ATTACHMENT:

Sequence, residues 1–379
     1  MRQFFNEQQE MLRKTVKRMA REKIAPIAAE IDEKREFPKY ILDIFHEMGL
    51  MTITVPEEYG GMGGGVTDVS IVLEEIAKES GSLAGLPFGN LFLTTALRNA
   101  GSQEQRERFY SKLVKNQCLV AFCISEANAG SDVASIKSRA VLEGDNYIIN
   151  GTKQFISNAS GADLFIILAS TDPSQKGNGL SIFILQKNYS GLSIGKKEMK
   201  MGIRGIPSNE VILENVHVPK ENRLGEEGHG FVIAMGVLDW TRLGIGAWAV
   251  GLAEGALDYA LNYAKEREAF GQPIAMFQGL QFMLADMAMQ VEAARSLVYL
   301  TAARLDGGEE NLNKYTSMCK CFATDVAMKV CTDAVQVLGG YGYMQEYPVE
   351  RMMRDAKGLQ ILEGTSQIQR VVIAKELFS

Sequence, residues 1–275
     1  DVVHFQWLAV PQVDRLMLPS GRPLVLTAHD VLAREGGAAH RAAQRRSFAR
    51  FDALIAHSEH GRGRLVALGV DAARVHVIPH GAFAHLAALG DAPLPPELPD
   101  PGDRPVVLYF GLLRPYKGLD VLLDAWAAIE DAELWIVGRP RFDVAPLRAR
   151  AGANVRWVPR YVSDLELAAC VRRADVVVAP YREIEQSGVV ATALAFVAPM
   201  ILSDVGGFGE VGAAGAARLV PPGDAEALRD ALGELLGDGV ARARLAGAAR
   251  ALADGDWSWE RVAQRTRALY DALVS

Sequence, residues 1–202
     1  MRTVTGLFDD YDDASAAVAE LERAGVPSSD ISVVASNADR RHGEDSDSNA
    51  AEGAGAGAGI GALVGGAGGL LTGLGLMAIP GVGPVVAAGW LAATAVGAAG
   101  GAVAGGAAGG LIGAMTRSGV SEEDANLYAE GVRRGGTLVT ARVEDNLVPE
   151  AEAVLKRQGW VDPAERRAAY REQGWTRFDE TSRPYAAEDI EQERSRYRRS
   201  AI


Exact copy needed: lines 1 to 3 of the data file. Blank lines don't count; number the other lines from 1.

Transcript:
Sequence, residues 1–379
     1  MRQFFNEQQE MLRKTVKRMA REKIAPIAAE IDEKREFPKY ILDIFHEMGL
    51  MTITVPEEYG GMGGGVTDVS IVLEEIAKES GSLAGLPFGN LFLTTALRNA